Colonial Stores, Inc.
Prizes Include 60 Cash
Schalarships as High
A s *so*
Colonial Stores Incorporated, one of
the largest grocery companies in the
Southeast, will sponsor a $30,000 cash
scholarship award contest, Scott W.
Allen, president has announced.
The unique competition, believed to
be the first scholarship contest for
consumers ever held, has been hailed
by governors and leading educators as
an outstanding contribution to South
ern education and progress. The con
test will begin February 23. It will
close midnight, March 31. Anyone
is eligible to enter, and entry blanks
may be obtained free at any Colonial
Store —no purchase required.
A total of 60 cash scholarships
ranging from $2,500 to $250, in addi
tion to 210 fountain pen and pencil
sets and 30 sets of Encyclopedia Bri
tannica, valued at $20,000, will be dis
tributed in Georgia, North Carolina
and South Carolina and in Randolph,
Barbour and Houston Counties in Ala
bama and Leon County in Florida
The awards will be made on the
basis of a letter written on one of the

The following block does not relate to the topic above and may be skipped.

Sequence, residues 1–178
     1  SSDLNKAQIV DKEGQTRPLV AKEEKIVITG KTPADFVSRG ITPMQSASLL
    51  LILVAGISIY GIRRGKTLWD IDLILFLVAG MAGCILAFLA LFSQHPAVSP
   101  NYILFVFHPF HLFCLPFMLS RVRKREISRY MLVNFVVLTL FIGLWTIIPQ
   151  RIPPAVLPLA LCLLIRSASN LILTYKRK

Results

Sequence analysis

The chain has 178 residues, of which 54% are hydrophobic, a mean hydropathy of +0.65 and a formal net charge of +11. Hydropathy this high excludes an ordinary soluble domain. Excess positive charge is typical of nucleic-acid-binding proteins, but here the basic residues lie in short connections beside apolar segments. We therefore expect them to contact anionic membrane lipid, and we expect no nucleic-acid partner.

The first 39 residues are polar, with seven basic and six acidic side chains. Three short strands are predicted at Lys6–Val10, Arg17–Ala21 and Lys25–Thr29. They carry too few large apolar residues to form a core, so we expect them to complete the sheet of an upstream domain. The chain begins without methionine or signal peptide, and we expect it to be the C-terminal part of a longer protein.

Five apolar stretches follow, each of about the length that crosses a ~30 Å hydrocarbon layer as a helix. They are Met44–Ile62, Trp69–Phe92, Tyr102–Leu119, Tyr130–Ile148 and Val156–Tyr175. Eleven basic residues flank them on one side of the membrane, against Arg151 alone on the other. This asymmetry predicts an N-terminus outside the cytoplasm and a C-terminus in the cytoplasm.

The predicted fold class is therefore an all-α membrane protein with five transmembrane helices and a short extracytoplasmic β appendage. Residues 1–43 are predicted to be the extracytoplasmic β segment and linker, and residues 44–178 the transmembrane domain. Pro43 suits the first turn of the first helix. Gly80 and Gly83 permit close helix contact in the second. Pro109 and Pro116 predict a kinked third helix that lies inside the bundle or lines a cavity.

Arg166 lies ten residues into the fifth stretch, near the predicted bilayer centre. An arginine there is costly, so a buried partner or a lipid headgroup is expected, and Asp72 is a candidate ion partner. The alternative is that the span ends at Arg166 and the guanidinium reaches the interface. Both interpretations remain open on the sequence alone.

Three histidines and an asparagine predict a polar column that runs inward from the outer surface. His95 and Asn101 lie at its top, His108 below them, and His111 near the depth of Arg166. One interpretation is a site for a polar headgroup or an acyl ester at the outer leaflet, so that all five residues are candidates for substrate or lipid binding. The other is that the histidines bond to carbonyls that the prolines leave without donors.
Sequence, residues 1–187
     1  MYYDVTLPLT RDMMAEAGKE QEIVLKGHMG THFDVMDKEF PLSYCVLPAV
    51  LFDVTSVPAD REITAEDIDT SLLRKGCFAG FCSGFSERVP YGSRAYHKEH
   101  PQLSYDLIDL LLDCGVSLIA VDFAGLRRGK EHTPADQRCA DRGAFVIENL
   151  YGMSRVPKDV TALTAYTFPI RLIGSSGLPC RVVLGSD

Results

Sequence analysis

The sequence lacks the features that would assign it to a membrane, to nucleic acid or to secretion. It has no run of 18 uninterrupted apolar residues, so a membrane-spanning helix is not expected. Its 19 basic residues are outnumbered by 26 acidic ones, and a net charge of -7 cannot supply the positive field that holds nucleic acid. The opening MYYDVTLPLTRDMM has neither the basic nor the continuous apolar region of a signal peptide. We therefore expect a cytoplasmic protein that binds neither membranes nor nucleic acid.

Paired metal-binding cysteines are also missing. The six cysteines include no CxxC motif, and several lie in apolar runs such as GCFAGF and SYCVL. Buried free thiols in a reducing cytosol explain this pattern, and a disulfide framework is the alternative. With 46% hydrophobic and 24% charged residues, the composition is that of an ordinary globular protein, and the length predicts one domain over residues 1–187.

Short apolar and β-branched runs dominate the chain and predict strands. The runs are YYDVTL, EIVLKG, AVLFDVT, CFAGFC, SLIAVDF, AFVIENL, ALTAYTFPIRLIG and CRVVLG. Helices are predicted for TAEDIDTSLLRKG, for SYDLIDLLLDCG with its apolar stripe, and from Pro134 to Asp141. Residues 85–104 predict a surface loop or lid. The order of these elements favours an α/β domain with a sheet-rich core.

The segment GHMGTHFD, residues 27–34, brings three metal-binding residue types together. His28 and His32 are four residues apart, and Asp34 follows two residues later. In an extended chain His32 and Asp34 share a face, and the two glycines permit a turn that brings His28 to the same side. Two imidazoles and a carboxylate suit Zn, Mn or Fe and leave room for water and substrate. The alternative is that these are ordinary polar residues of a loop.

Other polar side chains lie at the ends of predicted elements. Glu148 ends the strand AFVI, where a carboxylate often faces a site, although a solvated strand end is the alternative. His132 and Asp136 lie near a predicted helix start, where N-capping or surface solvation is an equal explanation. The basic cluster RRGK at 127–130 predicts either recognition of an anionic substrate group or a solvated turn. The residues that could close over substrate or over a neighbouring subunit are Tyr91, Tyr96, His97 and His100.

two subjects: (1) “Why a young man
or woman should have a college edu
cation,” or (2) “What Colonial Stores
cah do to make your shopping more
Designed to afford a number of
young men and women the opportuni
ty to continue or advance their pres
ent education, the contest is open to
everyone, and officials of the company
emphasized that anyone can enter
without charge simply by obtaining
an entry blank from any Colonial
Store. . .
Although there is no limit to the
number of entries each person may
submit, each entry must be made on
the official contest blank and must
be submitted to Colonial Stores, Schol
arship Contest Editor, on or before
midnight, March 31, 1950.
'‘Parents can win for their children,
older people can win for younger
friends or relatives, or they can use
the scholarship money to further their
own education,” Mr. Allen said in an
nouncing the contest.
“This section will prosper and suc